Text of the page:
Media Overlooked the OTHER Big Story Last Week…

In a matter of a few hours Thursday night, gold shot straight up almost one hundred bucks from low to high, stopping just shy of $1360 per ounce. The price perfectly tracked media reports of voting results.

As markets cratered worldwide, the message was clear. Gold was the only safe haven – the blue ribbon champ – the last man standing.

By dawn’s early light, London dealers were reporting record sales of coins and bars to store-front customers standing in line. Google searches for “buy gold” went soaring 500%. Online sellers had heavy traffic.

Brexit's Effects on GoldGold rose 22% overnight in the British pound, 7% in U.S. dollars.

Brexit has been all about wealth and liberty – who will have it, and who will protect it. Gold buyers knew the most enduring wealth for 5,000 years has been gold and silver you hold in your hand, unlike the trillions in digital wealth evaporating into cyberspace during Brexit’s aftermath.

Wealth is the stored and stockpiled accounting of our labor, time, energy, and talent. We depend on that store of wealth to ensure financial liberty for our families, to pass on to future generations, or just to enjoy a day at the beach without punching a clock. And without being told what to think.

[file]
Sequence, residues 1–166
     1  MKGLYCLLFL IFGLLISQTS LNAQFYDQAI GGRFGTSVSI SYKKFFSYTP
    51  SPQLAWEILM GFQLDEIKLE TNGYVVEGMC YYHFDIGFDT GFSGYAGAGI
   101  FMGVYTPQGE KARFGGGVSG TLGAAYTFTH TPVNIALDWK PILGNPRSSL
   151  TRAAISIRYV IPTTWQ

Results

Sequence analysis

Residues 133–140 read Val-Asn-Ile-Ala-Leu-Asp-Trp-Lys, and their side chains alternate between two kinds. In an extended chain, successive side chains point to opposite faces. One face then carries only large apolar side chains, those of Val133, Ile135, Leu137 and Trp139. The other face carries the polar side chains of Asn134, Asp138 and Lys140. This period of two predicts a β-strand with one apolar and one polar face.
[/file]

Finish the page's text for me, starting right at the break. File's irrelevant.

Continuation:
Throughout history, gold and silver have been the sole survivors found in the smoking ruins of failed kingdoms, borders, flags, and currencies.

As markets began sinking like stones June 23rd, as bankers panicked, and as media pundits blathered, the price of liberty was paid, and the value of gold embraced.

Both gold, and liberty, were destined to shine that night, no matter what the cost.

A Classic Case of Failed Socialism: What’s Next After the Brexit?

By Frank Holmes, CEO and Chief Investment Officer for US Global Investors

Brexit Vote